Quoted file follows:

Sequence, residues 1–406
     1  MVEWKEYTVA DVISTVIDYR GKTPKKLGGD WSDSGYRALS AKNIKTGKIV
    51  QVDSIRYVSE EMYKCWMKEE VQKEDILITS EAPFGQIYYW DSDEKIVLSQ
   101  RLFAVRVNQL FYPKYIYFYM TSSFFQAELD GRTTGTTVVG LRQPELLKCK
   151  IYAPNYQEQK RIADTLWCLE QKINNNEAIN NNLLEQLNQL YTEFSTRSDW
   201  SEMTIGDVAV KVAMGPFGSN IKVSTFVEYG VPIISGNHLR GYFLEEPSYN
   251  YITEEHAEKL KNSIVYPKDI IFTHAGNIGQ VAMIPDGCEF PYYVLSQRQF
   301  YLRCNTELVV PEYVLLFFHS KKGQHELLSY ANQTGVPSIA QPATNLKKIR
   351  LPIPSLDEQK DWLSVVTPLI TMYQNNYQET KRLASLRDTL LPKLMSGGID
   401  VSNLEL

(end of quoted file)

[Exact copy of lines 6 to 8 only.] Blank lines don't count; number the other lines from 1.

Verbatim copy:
   201  SEMTIGDVAV KVAMGPFGSN IKVSTFVEYG VPIISGNHLR GYFLEEPSYN
   251  YITEEHAEKL KNSIVYPKDI IFTHAGNIGQ VAMIPDGCEF PYYVLSQRQF
   301  YLRCNTELVV PEYVLLFFHS KKGQHELLSY ANQTGVPSIA QPATNLKKIR